Individuals in a project who tick off items on a to-do list are not collaborating. Their project can still be valuable as a cooperative venture or a coordinated activity, but it is not collaboration. For that, you need shared goals. These can be quite general.

Julia Barnickle’s goals were to film “a personal viewpoint” of a little-known part of London, hoping it would show “two friends getting to know each other better, and possibly creating something out of spending time together.”

Julia Elmore’s goals were similar: “It was a case of meeting up, having a chat, some fun arting and filming and seeing what emerged.”

Something unique does emerge, and as both subject and contributor, Julia Elmore finds the video captures her creative process authentically.

4. Collaborating is fun!

Both women testify to how enjoyable the project was. It would have been a success for Julia Barnickle, whether the film worked out or not, “because we would still have had an enjoyable time.” And for Julia Elmore, this was “a reminder of how much fun” collaborating can be; “I would like to do things like this more often.”

No doubt, Julia Barnickle experienced pure delight in finding and aligning the music “Snowdrop” by Kevin McLeod at to the visual sequence of the video. We practically feel the wet sand and the breeze from the Thames, so the music provides a subtle moodiness, blending the visual and emotional.

“Greater than the sum of the two parts”

5. With collaboration comes greater insight and productivity

The more closely people work together and share perspectives, the more likely they are to find new ways of seeing a problem, or to gain a new awareness or understanding. Partners notice differences, yet push through to their shared goals, gaining insight all the way.

Julia Barnickle notes, “… this wasn’t like any other video I’ve filmed so far, because it involved another person. … Julia was making herself vulnerable by being filmed creating spontaneous art, so I became very protective of her and her process.”

For her part, Julia Elmore felt that “The project really kickstarted something in me.” She recognizes that she had been experiencing a creative dry spell just prior to this project: “three weeks of block on blogging lifted and I have been writing and sharing a lot both on my website and in my newsletters since.”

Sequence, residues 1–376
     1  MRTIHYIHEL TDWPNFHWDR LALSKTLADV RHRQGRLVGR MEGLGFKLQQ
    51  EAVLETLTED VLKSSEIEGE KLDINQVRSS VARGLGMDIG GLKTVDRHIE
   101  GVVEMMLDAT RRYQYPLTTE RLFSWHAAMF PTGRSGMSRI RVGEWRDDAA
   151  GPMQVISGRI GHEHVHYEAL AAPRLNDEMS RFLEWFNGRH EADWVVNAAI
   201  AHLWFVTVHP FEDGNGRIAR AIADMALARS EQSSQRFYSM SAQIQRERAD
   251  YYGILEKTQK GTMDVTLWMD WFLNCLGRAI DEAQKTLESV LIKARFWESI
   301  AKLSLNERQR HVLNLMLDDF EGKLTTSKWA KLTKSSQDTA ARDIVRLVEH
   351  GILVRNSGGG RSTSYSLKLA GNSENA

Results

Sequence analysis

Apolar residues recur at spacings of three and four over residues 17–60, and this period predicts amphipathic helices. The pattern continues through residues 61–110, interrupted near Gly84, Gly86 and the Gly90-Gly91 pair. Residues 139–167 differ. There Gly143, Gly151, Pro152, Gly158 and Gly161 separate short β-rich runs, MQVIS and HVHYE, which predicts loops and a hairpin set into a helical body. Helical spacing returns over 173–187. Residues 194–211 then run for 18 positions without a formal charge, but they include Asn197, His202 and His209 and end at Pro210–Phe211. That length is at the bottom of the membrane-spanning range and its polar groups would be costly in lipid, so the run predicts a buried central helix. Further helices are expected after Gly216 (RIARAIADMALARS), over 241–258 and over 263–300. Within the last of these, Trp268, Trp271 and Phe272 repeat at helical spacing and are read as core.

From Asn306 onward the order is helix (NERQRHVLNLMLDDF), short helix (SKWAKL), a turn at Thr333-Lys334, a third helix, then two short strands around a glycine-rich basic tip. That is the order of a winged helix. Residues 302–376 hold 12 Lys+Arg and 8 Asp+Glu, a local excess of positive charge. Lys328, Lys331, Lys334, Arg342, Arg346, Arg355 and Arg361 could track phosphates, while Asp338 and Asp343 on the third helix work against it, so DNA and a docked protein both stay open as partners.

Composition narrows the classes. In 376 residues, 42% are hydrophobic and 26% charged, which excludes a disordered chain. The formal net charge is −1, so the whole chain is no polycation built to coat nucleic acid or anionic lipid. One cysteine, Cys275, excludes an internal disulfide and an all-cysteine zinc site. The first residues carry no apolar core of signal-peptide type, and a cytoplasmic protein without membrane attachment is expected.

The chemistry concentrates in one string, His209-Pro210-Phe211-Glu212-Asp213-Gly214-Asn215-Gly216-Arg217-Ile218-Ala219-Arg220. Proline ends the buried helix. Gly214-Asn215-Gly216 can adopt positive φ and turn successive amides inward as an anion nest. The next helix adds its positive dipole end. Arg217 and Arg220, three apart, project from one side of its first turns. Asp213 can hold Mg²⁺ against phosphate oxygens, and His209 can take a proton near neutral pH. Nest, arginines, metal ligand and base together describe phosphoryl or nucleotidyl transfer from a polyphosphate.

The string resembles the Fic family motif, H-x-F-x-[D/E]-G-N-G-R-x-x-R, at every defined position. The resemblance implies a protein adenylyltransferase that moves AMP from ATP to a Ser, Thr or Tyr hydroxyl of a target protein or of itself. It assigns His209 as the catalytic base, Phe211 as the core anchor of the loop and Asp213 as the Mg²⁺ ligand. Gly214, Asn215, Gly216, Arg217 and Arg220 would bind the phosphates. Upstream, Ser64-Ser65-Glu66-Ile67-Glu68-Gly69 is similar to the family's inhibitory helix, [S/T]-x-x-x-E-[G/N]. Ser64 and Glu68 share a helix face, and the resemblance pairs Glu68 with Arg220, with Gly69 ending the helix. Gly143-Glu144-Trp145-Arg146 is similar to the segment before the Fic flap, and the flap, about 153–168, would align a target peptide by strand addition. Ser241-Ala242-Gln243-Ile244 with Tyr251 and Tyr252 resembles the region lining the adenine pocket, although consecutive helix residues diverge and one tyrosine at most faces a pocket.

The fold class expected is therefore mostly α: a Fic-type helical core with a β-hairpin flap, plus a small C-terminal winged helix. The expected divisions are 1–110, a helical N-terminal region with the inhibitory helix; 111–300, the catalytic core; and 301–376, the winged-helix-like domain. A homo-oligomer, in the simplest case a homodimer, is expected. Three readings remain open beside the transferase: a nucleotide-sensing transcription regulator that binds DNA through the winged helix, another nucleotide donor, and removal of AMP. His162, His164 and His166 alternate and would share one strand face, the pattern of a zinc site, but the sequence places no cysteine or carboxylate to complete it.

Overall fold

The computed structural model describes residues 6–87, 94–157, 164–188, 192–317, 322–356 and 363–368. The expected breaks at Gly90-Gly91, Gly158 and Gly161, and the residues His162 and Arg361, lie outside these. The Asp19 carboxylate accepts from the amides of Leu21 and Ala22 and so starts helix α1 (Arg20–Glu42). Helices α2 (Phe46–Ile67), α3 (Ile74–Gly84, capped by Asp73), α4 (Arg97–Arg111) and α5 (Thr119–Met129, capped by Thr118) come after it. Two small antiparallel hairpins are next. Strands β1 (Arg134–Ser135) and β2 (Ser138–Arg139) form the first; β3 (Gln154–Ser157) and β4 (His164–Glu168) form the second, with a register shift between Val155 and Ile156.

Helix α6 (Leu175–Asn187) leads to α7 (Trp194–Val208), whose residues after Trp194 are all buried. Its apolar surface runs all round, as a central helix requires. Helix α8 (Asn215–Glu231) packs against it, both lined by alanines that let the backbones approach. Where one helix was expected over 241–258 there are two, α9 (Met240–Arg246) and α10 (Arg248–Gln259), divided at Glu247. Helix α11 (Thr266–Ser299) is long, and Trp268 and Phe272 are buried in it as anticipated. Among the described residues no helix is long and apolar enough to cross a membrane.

6. The value of collaborating reaches far beyond the project itself

When partners are sharing and applying equal efforts, a kind of collaborative synergy arises. Magic happens. The collaborators become aware of unexpected results — beyond anything they might have achieved working alone.

Julia Barnickle and Julia Elmore stepped up their collaboration as they worked together, from their first networking, through cooperating on smaller projects, to this collaborative venture.

Together they created something that has value beyond their individual needs — even for us now, in better understanding the power of collaboration.

The creation of a one-of-a-kind monster on a unique beach, with beautiful light and a gentle breeze, shows how friends support and learn from one another — leaving behind what is merely material to wash away with the tide.

About the author Christine HastieAs a Collaboration and Writing Consultant, Christine Hastie is dedicated to helping people bring their great ideas to light, especially when those ideas help others. She loves to facilitate collaboration that produces effective, high-quality results.

Sign up for Christine’s newsletter at, and comment below if you would like to be invited to a hangout on Collaboration for Introverts and Quiet Entrepreneurs.

You can also follow Christine on LinkedIn, Google+ or Twitter.